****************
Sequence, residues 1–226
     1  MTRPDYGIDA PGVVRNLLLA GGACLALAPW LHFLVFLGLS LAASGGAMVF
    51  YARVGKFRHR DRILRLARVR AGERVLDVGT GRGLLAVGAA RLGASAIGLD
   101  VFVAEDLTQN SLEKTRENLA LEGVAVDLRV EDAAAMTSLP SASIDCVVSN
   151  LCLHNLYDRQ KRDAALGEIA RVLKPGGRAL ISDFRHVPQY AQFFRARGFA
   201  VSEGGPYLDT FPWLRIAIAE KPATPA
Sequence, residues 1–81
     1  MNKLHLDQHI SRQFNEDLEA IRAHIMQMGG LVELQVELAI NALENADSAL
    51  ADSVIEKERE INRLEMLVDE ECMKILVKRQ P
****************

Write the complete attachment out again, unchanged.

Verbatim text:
Sequence, residues 1–226
     1  MTRPDYGIDA PGVVRNLLLA GGACLALAPW LHFLVFLGLS LAASGGAMVF
    51  YARVGKFRHR DRILRLARVR AGERVLDVGT GRGLLAVGAA RLGASAIGLD
   101  VFVAEDLTQN SLEKTRENLA LEGVAVDLRV EDAAAMTSLP SASIDCVVSN
   151  LCLHNLYDRQ KRDAALGEIA RVLKPGGRAL ISDFRHVPQY AQFFRARGFA
   201  VSEGGPYLDT FPWLRIAIAE KPATPA
Sequence, residues 1–81
     1  MNKLHLDQHI SRQFNEDLEA IRAHIMQMGG LVELQVELAI NALENADSAL
    51  ADSVIEKERE INRLEMLVDE ECMKILVKRQ P